In regard to (2), in a word “science,” this subject is a tangled skein, and various elements need to be sorted out, untangled. In other word, serious critical thinking needs to happen in the face of various truth claims that we encounter living in our society. Those that present themselves as “science” claim for themselves supreme authority, and entail significant societal sactions for those who don’t comply.

      This is to say that “science” does not come to us in purity, but mixed with social and political complications as well.

      The “world” has had one primary “political” concern throughout history. It is summed up in Psalm 2:1-3:

      Why do the nations rage
      and the peoples plot in vain?
      2 The kings of the earth set themselves,
      and the rulers take counsel together,
      against the Lord and against his Anointed, saying,
      3 “Let us burst their bonds apart
      and cast away their cords from us.”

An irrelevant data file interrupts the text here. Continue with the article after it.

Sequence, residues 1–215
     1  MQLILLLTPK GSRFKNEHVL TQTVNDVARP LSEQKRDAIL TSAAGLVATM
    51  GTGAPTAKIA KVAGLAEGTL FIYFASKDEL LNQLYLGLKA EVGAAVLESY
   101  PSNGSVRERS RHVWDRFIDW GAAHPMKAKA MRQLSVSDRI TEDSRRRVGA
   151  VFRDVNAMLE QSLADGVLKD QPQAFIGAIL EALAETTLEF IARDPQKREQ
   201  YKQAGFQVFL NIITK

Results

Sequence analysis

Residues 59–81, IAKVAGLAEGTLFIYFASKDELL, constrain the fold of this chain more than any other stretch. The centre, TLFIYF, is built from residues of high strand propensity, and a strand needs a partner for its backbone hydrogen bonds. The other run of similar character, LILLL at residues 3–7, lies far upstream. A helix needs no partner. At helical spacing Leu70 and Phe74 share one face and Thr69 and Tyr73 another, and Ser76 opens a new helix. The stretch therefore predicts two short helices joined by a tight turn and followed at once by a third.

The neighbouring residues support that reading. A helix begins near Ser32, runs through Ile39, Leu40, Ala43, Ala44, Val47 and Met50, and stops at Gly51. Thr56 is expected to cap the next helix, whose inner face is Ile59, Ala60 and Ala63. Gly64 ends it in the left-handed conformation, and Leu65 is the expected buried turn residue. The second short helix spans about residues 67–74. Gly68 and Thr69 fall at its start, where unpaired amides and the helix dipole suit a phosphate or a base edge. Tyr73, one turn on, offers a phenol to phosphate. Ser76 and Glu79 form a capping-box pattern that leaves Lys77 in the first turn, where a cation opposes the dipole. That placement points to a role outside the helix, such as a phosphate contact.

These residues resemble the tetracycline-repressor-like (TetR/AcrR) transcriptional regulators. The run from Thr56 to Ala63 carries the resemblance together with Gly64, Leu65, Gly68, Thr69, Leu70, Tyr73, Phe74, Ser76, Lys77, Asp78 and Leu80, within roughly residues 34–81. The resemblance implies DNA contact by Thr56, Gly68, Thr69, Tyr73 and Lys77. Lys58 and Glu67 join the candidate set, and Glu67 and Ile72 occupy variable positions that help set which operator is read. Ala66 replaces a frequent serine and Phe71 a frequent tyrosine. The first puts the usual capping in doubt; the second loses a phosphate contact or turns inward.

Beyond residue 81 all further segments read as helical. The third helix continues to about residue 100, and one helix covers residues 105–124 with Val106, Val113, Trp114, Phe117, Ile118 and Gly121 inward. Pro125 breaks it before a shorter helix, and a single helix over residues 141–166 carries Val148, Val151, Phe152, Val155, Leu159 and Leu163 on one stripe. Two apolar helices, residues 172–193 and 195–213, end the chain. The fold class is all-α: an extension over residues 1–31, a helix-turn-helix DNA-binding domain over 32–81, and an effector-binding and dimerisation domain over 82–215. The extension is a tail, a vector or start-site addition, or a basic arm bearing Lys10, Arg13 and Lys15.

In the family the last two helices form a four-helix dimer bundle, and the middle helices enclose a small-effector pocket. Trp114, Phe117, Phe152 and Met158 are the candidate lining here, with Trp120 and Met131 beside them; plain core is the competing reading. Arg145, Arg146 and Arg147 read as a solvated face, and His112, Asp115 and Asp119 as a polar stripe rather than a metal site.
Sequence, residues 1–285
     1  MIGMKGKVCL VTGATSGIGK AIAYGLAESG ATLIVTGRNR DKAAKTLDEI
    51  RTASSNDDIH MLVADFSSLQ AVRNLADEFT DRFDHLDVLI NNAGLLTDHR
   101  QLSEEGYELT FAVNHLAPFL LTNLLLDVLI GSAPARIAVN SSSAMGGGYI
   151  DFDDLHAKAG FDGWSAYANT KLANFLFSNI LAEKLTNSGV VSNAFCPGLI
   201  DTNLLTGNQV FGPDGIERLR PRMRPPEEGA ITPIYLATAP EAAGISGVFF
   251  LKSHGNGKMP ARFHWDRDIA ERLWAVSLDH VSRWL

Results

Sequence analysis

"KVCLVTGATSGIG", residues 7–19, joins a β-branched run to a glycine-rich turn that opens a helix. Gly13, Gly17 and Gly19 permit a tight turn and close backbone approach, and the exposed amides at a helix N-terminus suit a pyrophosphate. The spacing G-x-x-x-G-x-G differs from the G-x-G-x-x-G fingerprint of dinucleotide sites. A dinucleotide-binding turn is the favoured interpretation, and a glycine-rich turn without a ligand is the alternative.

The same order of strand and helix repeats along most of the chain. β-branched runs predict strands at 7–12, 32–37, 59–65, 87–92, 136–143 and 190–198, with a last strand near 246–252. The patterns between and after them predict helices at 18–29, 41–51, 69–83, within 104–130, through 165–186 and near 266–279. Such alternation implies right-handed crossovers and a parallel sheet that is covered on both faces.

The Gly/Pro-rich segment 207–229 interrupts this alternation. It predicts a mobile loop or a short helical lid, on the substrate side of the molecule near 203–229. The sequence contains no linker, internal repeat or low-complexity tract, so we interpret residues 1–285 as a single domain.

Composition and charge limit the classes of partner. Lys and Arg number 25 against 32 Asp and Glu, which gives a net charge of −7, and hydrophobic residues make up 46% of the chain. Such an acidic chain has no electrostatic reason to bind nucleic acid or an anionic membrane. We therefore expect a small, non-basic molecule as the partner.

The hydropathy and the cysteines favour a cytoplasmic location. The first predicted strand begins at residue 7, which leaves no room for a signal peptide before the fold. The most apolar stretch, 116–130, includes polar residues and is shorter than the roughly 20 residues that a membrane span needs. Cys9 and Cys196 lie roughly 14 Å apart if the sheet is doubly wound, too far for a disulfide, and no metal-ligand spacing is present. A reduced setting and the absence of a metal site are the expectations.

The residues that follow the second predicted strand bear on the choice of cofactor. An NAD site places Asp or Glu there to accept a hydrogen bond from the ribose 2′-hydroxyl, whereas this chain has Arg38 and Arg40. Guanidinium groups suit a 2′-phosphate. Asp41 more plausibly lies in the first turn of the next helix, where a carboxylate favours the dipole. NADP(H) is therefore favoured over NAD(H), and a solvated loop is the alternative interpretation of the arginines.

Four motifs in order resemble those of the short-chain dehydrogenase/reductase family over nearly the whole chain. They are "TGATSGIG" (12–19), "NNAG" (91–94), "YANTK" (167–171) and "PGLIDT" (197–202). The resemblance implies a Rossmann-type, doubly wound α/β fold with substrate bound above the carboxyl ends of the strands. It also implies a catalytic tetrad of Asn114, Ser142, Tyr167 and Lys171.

This is a world at enmity with its creator, and fallen man has sought to rebel to flee from God’s authority.

      Whatever else Darwin’s contribution may have been, it was a major “political” advance, in that it allowed, in a way unprecedented, for mankind to remove the Creator from his consideration.

      I am convinced that this is the primary reason that Darwin’s hypothesis has achieved the acceptance that it has.

      It’s actual scientific contribution is and has always been significantl open to question. One of the sources that question it is ID, a cogent scientific argument. As a scientific argument, it too is subject to scrutiny (as you sugggest) but in large measure opposition to this argument has been (patently) based on this “political” consideration, NOT a scientific one.